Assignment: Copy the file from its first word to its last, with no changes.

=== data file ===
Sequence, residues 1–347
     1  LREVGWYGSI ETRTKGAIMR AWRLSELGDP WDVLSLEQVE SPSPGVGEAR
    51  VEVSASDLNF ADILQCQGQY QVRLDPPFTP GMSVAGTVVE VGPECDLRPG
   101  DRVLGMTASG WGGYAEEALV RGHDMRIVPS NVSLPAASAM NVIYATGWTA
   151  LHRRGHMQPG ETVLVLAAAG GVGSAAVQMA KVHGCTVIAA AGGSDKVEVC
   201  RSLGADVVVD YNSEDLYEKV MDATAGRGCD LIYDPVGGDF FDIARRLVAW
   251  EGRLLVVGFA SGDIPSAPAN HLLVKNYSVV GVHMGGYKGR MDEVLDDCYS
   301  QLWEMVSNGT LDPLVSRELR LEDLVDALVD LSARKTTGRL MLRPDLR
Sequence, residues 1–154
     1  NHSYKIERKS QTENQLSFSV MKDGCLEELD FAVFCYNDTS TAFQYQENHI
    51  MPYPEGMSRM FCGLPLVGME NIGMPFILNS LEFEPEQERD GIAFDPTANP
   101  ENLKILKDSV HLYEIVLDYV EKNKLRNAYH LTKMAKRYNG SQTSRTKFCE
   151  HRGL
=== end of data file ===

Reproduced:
Sequence, residues 1–347
     1  LREVGWYGSI ETRTKGAIMR AWRLSELGDP WDVLSLEQVE SPSPGVGEAR
    51  VEVSASDLNF ADILQCQGQY QVRLDPPFTP GMSVAGTVVE VGPECDLRPG
   101  DRVLGMTASG WGGYAEEALV RGHDMRIVPS NVSLPAASAM NVIYATGWTA
   151  LHRRGHMQPG ETVLVLAAAG GVGSAAVQMA KVHGCTVIAA AGGSDKVEVC
   201  RSLGADVVVD YNSEDLYEKV MDATAGRGCD LIYDPVGGDF FDIARRLVAW
   251  EGRLLVVGFA SGDIPSAPAN HLLVKNYSVV GVHMGGYKGR MDEVLDDCYS
   301  QLWEMVSNGT LDPLVSRELR LEDLVDALVD LSARKTTGRL MLRPDLR
Sequence, residues 1–154
     1  NHSYKIERKS QTENQLSFSV MKDGCLEELD FAVFCYNDTS TAFQYQENHI
    51  MPYPEGMSRM FCGLPLVGME NIGMPFILNS LEFEPEQERD GIAFDPTANP
   101  ENLKILKDSV HLYEIVLDYV EKNKLRNAYH LTKMAKRYNG SQTSRTKFCE
   151  HRGL